When you think of the various documents inherent in estate planning, a medical power of attorney probably is not the first one that comes to your mind. Nevertheless, the importance of this document cannot be overstated. This is especially true during the new normal of the continuing pandemic caused by COVID-19 and its Omicron variant.
Since you never know if and when you’ll become ill, injured or otherwise incapacitated, or how serious the situation will be, having a medical power of attorney in place is your greatest protection.
What Is a Medical Power of Attorney?
A medical power of attorney, sometimes called a health care power of attorney, is a legally binding document wherein you name the person you want to make medical decisions for you if you cannot make them for yourself. For instance, you might give this person, called your agent, proxy or attorney-in-fact, one or more of the following powers:
- Decide the types of medical care you receive, such as surgery, medications, treatments, therapies, home health care, etc.
- Decide where you receive your medical care, such as at home, in an assisted living facility, in a nursing home, etc.
- Decide which doctors and other health care professionals oversee your medical care.
- Decide who, if any, provides help for your everyday needs, such as eating, bathing, etc.
Keep in mind that your medical power of attorney does not give your agent carte blanche authority to do whatever he or she wants to do. Rather, this person operates in a fiduciary capacity, meaning that he or she must always put your best interests ahead of his or her own.
Why Might You Want to Create a Medical Power of Attorney?
The main value of signing a medical power of attorney is that it gives you — and your family — peace of mind. For instance, you may wish to consider creating a medical power of attorney if you have been diagnosed with a degenerative disease or if you face major surgery.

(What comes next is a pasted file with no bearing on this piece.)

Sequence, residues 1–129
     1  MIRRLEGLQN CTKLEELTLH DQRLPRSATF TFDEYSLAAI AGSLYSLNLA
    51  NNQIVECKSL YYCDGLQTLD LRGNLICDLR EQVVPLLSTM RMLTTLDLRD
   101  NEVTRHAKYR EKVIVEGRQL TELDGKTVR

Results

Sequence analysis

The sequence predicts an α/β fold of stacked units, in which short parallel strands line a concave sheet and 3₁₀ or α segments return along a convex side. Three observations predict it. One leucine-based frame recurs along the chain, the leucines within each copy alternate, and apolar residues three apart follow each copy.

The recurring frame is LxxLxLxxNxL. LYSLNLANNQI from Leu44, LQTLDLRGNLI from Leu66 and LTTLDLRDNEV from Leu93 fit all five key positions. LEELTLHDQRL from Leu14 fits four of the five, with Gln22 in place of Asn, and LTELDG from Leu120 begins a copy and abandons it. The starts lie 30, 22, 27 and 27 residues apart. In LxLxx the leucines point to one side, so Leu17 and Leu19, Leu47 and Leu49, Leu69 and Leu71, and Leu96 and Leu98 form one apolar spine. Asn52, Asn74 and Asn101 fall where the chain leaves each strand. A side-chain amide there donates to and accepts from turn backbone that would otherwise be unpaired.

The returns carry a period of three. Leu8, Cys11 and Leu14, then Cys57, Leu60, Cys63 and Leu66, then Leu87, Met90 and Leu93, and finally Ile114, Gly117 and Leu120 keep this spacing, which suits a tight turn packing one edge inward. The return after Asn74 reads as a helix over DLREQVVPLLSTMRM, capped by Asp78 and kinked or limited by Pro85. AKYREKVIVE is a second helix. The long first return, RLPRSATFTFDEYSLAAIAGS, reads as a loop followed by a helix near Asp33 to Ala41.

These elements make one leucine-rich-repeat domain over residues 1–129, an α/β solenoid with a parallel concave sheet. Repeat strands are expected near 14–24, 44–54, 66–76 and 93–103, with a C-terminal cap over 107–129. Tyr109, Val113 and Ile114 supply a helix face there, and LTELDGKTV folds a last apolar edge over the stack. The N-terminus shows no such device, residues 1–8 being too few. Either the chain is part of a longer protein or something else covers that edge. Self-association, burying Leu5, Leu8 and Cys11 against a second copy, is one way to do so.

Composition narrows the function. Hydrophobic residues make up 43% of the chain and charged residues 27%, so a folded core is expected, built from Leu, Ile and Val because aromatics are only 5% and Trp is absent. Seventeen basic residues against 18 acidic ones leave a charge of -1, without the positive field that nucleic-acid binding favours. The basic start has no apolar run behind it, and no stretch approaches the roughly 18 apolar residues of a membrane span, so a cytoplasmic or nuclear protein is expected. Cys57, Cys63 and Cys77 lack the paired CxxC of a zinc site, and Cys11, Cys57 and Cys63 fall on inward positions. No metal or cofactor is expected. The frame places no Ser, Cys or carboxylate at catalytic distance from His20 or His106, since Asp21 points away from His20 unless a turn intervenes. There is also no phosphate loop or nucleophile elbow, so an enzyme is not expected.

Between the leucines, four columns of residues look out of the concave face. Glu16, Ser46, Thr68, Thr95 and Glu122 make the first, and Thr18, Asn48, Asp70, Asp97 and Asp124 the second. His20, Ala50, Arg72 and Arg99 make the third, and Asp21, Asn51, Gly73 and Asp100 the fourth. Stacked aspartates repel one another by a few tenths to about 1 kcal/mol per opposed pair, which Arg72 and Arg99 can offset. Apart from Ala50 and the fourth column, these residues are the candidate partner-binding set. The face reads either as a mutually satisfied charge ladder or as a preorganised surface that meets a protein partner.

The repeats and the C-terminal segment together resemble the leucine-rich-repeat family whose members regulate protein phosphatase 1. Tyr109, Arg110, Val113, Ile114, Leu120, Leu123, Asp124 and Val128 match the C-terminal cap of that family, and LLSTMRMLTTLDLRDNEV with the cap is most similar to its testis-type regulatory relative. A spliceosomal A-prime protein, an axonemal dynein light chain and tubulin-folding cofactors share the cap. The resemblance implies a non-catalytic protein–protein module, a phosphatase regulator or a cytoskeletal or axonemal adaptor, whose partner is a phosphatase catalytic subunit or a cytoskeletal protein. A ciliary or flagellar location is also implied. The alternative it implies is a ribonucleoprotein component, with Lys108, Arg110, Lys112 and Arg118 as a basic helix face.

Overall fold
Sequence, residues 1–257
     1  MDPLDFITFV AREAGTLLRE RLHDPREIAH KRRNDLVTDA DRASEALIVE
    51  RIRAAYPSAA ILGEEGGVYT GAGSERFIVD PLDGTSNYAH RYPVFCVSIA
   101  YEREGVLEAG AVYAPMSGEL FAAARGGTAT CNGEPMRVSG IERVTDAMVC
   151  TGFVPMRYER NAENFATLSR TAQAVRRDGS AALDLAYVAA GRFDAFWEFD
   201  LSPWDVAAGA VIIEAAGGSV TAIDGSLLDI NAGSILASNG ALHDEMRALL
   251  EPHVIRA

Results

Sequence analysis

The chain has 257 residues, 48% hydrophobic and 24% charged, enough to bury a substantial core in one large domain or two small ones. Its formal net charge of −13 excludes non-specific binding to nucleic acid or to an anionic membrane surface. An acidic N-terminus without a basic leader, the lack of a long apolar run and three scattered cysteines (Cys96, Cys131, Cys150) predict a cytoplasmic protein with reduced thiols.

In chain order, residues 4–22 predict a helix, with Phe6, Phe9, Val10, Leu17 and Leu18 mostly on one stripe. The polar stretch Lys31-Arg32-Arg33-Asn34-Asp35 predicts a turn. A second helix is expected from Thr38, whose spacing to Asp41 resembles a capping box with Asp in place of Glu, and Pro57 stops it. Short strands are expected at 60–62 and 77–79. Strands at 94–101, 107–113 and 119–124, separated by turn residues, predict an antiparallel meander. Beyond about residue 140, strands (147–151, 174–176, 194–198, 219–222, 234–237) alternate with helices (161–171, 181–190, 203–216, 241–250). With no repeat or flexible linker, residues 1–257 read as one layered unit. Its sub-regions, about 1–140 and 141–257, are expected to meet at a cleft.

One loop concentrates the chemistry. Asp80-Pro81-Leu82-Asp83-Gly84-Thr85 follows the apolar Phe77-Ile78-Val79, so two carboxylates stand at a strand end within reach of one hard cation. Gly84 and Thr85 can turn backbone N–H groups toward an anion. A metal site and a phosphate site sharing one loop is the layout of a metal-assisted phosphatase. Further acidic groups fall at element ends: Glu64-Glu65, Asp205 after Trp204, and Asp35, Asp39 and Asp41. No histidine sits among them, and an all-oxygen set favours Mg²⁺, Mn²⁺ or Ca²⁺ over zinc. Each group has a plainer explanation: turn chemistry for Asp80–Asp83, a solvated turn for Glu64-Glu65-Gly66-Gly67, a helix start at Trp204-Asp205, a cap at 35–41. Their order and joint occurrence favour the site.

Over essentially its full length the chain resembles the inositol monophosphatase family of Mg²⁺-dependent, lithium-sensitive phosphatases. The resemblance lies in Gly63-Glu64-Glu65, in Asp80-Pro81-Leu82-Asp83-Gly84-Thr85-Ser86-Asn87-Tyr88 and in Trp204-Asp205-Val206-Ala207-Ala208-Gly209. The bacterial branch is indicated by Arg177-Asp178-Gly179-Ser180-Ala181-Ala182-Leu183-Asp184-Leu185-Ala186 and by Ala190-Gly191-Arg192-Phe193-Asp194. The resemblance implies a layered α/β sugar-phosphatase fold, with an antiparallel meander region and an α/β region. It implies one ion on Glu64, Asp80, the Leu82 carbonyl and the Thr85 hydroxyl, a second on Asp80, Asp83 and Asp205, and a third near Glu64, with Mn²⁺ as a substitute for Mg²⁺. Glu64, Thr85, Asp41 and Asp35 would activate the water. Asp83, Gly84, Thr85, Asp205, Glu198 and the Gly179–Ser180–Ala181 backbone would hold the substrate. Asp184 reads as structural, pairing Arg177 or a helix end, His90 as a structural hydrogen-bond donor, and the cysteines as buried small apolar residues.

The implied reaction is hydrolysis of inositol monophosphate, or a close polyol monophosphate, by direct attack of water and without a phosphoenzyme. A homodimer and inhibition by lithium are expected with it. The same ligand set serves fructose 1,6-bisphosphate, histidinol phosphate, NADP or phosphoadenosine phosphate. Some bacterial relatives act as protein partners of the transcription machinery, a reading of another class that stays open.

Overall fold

With a medical power of attorney in place, you and your family know that no matter what happens to you that causes your incapacity, you have a trusted person in place that will make wise decisions about your care.
Revoking Your Medical Power of Attorney
You can, if you wish, revoke your medical power of attorney at any time after you create it. This knowledge gives you additional peace of mind.
Creating a Living Will
Most people choose to create a living will to complement their medical power of attorney. Unlike a last will and testament that designates who will inherit from you when you die and what they will inherit, your living will, often called an advance health care directive, lists the specific types of medical care, treatments and interventions you want and don’t want. Obviously, such a document gives your agent guidance when making medical decisions on your behalf.
Complying With State Law
Each state has its own laws and rules regarding both living wills and medical powers of attorneys. Consequently, you need sound legal advice and counsel regarding how these documents must be structured in your state. AmeriEstate Legal Plan, Inc. can provide exactly that. Our nationwide network of experienced estate planning attorneys are fully prepared to help you with all your needs.